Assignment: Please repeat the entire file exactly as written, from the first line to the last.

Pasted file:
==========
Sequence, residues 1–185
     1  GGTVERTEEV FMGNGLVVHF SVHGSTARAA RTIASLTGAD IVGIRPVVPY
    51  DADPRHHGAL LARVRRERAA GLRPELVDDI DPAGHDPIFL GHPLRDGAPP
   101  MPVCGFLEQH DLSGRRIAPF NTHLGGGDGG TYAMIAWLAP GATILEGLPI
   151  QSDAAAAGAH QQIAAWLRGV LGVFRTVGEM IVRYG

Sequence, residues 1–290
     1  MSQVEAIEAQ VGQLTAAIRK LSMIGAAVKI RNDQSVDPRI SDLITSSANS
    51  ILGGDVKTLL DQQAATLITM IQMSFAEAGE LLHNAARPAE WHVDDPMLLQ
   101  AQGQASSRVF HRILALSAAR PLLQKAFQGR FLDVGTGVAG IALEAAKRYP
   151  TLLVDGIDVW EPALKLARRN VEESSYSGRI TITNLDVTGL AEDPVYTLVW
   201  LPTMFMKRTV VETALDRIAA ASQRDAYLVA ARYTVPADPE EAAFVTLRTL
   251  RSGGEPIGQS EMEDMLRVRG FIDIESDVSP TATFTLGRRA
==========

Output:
Sequence, residues 1–185
     1  GGTVERTEEV FMGNGLVVHF SVHGSTARAA RTIASLTGAD IVGIRPVVPY
    51  DADPRHHGAL LARVRRERAA GLRPELVDDI DPAGHDPIFL GHPLRDGAPP
   101  MPVCGFLEQH DLSGRRIAPF NTHLGGGDGG TYAMIAWLAP GATILEGLPI
   151  QSDAAAAGAH QQIAAWLRGV LGVFRTVGEM IVRYG

Sequence, residues 1–290
     1  MSQVEAIEAQ VGQLTAAIRK LSMIGAAVKI RNDQSVDPRI SDLITSSANS
    51  ILGGDVKTLL DQQAATLITM IQMSFAEAGE LLHNAARPAE WHVDDPMLLQ
   101  AQGQASSRVF HRILALSAAR PLLQKAFQGR FLDVGTGVAG IALEAAKRYP
   151  TLLVDGIDVW EPALKLARRN VEESSYSGRI TITNLDVTGL AEDPVYTLVW
   201  LPTMFMKRTV VETALDRIAA ASQRDAYLVA ARYTVPADPE EAAFVTLRTL
   251  RSGGEPIGQS EMEDMLRVRG FIDIESDVSP TATFTLGRRA